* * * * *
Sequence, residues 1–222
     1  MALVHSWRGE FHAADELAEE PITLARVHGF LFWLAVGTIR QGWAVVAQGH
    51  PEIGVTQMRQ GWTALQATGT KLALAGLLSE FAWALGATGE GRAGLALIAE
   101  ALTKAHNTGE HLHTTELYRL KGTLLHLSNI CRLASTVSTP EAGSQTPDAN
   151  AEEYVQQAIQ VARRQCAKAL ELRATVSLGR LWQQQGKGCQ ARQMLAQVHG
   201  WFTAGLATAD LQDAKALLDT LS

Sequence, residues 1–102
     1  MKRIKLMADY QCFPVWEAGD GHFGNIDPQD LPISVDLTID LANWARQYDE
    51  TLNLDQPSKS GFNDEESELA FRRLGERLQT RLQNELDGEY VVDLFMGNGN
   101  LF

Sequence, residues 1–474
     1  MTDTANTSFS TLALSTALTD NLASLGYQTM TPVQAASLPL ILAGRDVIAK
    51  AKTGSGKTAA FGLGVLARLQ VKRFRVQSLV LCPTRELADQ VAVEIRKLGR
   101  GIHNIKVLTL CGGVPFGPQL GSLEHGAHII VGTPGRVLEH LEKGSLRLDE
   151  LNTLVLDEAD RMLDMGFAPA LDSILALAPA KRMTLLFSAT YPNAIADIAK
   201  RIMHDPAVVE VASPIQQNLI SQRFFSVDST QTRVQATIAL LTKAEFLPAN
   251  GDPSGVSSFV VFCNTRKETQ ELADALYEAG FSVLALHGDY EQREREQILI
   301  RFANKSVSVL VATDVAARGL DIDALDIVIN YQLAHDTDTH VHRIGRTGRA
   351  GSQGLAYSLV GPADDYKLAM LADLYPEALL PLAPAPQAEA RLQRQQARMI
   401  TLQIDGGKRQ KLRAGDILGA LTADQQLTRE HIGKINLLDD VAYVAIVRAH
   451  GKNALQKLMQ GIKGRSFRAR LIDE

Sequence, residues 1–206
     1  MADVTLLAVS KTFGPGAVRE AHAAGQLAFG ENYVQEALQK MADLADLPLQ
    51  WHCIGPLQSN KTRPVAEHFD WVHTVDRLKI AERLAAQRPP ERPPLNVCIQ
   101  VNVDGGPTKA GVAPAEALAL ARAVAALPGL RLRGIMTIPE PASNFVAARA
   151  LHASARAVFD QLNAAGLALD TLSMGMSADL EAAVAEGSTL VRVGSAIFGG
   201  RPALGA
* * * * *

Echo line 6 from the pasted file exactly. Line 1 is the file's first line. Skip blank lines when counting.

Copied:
   201  WFTAGLATAD LQDAKALLDT LS